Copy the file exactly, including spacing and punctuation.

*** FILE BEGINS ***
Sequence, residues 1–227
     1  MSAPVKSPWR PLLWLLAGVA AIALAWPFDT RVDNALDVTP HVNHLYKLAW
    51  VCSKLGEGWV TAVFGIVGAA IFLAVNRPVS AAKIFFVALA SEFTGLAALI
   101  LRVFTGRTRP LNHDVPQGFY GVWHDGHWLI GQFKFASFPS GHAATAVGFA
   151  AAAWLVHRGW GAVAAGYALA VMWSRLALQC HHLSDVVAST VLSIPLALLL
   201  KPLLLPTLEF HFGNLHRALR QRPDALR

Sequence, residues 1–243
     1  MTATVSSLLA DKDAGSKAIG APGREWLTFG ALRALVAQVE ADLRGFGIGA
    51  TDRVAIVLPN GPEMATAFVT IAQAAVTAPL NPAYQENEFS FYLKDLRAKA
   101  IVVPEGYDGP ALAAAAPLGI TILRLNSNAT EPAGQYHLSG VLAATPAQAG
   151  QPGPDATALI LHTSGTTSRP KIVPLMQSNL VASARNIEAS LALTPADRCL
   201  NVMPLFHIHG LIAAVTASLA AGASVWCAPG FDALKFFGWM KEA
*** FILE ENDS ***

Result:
Sequence, residues 1–227
     1  MSAPVKSPWR PLLWLLAGVA AIALAWPFDT RVDNALDVTP HVNHLYKLAW
    51  VCSKLGEGWV TAVFGIVGAA IFLAVNRPVS AAKIFFVALA SEFTGLAALI
   101  LRVFTGRTRP LNHDVPQGFY GVWHDGHWLI GQFKFASFPS GHAATAVGFA
   151  AAAWLVHRGW GAVAAGYALA VMWSRLALQC HHLSDVVAST VLSIPLALLL
   201  KPLLLPTLEF HFGNLHRALR QRPDALR

Sequence, residues 1–243
     1  MTATVSSLLA DKDAGSKAIG APGREWLTFG ALRALVAQVE ADLRGFGIGA
    51  TDRVAIVLPN GPEMATAFVT IAQAAVTAPL NPAYQENEFS FYLKDLRAKA
   101  IVVPEGYDGP ALAAAAPLGI TILRLNSNAT EPAGQYHLSG VLAATPAQAG
   151  QPGPDATALI LHTSGTTSRP KIVPLMQSNL VASARNIEAS LALTPADRCL
   201  NVMPLFHIHG LIAAVTASLA AGASVWCAPG FDALKFFGWM KEA